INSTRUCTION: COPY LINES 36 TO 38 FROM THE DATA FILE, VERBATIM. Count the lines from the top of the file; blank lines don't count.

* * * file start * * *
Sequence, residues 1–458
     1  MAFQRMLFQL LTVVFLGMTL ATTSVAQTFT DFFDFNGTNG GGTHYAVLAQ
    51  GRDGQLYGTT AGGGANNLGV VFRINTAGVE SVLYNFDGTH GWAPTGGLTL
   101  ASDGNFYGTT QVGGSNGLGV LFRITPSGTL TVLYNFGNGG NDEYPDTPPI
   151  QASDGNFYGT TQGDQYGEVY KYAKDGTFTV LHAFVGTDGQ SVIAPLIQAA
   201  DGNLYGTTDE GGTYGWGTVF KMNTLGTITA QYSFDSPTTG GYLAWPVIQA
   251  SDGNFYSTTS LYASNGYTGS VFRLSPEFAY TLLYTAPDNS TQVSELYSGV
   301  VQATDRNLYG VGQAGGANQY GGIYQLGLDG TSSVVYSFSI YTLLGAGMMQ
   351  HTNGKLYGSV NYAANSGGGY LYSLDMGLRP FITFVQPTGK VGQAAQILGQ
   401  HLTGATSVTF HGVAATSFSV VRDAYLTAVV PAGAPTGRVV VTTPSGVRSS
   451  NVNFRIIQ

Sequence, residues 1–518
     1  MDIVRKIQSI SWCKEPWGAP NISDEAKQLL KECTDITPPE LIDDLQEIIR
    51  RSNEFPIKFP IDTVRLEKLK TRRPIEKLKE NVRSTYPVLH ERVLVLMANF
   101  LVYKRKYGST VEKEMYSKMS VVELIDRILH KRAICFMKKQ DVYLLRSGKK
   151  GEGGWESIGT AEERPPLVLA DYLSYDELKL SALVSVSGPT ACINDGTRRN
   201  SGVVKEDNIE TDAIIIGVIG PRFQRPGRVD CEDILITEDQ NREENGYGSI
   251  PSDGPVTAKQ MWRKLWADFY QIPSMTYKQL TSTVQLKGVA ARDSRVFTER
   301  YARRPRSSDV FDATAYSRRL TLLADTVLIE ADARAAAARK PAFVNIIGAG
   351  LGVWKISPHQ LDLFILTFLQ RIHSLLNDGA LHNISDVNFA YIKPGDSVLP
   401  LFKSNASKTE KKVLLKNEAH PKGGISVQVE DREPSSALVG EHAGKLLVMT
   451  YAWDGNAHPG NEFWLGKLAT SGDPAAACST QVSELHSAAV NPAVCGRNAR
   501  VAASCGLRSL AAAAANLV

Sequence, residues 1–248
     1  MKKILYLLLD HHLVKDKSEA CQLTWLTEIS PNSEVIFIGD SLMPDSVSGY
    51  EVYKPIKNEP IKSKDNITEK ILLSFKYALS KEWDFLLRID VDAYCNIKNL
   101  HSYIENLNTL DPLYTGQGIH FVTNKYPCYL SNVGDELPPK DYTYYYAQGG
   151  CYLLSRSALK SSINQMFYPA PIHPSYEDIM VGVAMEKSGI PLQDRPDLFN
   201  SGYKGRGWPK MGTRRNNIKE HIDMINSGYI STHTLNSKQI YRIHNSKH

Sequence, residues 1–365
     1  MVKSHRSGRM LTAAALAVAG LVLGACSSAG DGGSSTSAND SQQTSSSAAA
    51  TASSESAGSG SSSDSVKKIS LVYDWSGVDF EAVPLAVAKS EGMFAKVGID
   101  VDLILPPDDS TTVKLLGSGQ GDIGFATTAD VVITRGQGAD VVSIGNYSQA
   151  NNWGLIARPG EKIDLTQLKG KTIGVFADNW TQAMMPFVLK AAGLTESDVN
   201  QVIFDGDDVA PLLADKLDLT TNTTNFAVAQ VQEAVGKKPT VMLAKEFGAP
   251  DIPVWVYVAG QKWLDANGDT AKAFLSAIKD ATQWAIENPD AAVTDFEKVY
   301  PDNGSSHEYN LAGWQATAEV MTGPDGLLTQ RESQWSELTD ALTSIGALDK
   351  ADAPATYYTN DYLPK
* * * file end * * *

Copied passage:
   251  DIPVWVYVAG QKWLDANGDT AKAFLSAIKD ATQWAIENPD AAVTDFEKVY
   301  PDNGSSHEYN LAGWQATAEV MTGPDGLLTQ RESQWSELTD ALTSIGALDK
   351  ADAPATYYTN DYLPK